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Displaying: 21-30 of 50 documents


book reviews
21. International Philosophical Quarterly: Volume > 58 > Issue: 3
Sophie Berman The A Priori in the Thought of Descartes: Cognition, Method and Science. By Jan Palkoska
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22. International Philosophical Quarterly: Volume > 58 > Issue: 3
Justin M. Anderson Aquinas on Virtue: A Causal Reading. By Nicholas Austin, S.J.
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23. International Philosophical Quarterly: Volume > 58 > Issue: 3
Aaron Segal David Shatz: Torah, Philosophy, and Culture. Edited by Hava Tirosh-Samuelson and Aaron W. Hughes
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24. International Philosophical Quarterly: Volume > 58 > Issue: 3
Joseph W. Koterski, S.J. Plato’s Persona: Marsilio Ficio, Renaissance Humanism, and Platonic Traditions. By Denis J.-J. Robichaud
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25. International Philosophical Quarterly: Volume > 58 > Issue: 3
Books Received
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26. International Philosophical Quarterly: Volume > 58 > Issue: 2
About Our Contributors
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articles
27. International Philosophical Quarterly: Volume > 58 > Issue: 2
Lorraine Yeung The Nature of Horror Reconsidered
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There is a growing interest in the role of non-cognitive affective responses in the philosophical literature on fiction and emotion. This flurry of scholarly interest is partly a reaction to cognitivist accounts of fiction and emotion that have been found to be inadequate. The inadequacy is particularly salient when this approach is employed to account for narrative horror. Cognitivist conceptions of the emotion engendered by narrative horror prove to be too restrictive. Cognitivist accounts also fail to give the formal devices and stylistic elements deployed in narrative horror a proper place within the spectator’s emotional engagement with it. In this paper I propose an alternative conception of the emotion “horror” that incorporates non-cognitive affective responses. I argue that this conception of “horror” is more fine-grained than the one characterized as a cognitivist approach. It captures more literary examples of the horror experience and it accommodates better the fear of the unknown. It also makes possible an aesthetics of horror in which formal devices and stylistic elements are given their proper place.
28. International Philosophical Quarterly: Volume > 58 > Issue: 2
Michael Barker The Argumentative Significance of Relative Purposiveness
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In the Critique of the Teleological Power of Judgment Kant argues that organisms have inner purposiveness. He introduces inner purposiveness in contrast to relative purposiveness. I examine Kant’s discussion of relative purposiveness in §63. I then argue that Kant establishes three theses in §63 that he subsequently modifies in §64 and further refines in §65. In my view, his discussion of relative purposiveness serves a broader purpose than just to present a contrast from which to consider inner purposiveness. The discussion of relative purposiveness establishes a framework for a sustained thread of argument from §63 through §65, culminating in Kant’s often discussed claim that we must judge organisms to be natural ends. My interpretation exposes a more significant argumentative role for relative purposiveness than is typically recognized.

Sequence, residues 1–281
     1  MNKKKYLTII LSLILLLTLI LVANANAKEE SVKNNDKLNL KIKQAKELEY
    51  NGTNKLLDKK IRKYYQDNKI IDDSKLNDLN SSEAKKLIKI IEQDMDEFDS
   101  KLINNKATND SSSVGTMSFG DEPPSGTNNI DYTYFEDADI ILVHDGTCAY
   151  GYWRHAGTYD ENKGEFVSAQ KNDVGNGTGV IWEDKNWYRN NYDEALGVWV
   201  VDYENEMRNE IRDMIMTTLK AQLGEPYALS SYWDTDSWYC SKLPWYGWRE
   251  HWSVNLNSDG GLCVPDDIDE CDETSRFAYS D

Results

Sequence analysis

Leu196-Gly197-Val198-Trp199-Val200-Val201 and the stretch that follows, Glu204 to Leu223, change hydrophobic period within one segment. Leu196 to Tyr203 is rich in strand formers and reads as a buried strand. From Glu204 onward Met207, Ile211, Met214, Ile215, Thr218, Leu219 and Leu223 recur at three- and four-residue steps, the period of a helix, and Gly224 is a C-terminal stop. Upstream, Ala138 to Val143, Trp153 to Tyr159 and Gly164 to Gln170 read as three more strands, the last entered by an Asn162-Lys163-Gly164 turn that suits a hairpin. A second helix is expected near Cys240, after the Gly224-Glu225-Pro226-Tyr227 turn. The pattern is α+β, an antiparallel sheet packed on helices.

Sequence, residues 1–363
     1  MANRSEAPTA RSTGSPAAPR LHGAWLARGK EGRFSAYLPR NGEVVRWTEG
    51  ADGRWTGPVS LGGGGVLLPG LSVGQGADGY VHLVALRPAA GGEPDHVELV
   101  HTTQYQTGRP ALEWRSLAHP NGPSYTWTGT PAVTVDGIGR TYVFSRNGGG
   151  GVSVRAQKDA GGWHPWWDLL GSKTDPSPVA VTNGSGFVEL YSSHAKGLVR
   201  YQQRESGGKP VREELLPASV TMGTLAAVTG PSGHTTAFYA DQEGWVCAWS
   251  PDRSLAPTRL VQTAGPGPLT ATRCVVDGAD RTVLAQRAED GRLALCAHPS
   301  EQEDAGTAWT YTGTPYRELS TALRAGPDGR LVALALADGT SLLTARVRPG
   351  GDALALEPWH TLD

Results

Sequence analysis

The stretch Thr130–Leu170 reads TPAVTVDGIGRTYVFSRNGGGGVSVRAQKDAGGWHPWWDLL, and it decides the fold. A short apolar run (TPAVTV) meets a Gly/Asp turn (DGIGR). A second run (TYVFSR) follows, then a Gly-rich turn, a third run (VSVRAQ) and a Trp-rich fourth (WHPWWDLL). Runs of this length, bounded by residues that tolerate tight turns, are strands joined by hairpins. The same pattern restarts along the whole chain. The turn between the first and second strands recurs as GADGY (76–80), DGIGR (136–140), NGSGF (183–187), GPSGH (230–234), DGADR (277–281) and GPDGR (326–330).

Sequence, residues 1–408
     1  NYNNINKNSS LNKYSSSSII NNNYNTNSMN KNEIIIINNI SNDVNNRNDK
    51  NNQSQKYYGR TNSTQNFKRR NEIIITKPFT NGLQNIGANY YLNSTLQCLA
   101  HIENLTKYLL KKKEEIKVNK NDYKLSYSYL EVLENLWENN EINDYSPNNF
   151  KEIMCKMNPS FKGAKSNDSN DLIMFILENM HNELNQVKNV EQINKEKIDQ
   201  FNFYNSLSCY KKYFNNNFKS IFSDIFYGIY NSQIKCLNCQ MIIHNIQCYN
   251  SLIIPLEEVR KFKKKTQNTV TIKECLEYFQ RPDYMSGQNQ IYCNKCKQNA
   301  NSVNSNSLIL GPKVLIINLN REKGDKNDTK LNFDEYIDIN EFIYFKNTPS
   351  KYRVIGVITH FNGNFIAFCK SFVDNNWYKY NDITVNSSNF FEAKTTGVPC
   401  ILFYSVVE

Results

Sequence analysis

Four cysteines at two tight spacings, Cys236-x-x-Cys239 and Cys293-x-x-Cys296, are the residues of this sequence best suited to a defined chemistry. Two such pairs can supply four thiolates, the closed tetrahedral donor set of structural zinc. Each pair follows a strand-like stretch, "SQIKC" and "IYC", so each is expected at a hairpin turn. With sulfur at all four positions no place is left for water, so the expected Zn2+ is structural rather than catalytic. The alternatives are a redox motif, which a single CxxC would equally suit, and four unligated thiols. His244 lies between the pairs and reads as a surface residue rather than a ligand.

29. International Philosophical Quarterly: Volume > 58 > Issue: 2
Joseph Gamache Aquinas and Contemporary Epistemology: The Case of the Truth-Norm
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Whether and how truth is a norm of belief is a contentious issue in contemporary epistemology. In this paper I retrieve Aquinas’s conception of truth in order to advance a new answer to the question of what grounds the truth-norm. I begin by contrasting the two dominant contemporary accounts of this grounding, showing ways in which each succeeds and fails. Unlike the currently dominant accounts, my account seeks to ground the truth-norm in the nature of truth, as opposed to the nature of belief. Ultimately I argue that Aquinas’s conception of truth furnishes us with an account of the grounding of the truth-norm that satisfies three conditions of adequacy. Such an account (1) grounds the truth-norm in the nature of truth, (2) captures the breadth of epistemic evaluation, and (3) makes sense of the fact that truth is a norm specifically for the human person.
30. International Philosophical Quarterly: Volume > 58 > Issue: 2
Gaven Kerr The Immediate Realism of Léon Noël
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After the emergence of the neo-Thomist movement in the early twentieth century, the question of how best to present Aquinas’s latent epistemological realism came to the fore. Léon Noël was an important contributor to this area of neo-Thomism, but his work has unfortunately been eclipsed by that of other more recognizable authors such as Etienne Gilson and Jacques Maritain. Noël argued that Aquinas’s realism is a form of immediate realism that recognizes the challenge of modern representationalist epistemologies but does not succumb to non-realist ways of thinking. Hence Noël presented immediate realism as an epistemological position that is inspired by Aquinas but also capable of addressing philosophical concerns that emerged after his death. In this article I present Noël’s view as interesting in its own right and capable of engaging with contemporary non-Thomist trends in epistemology.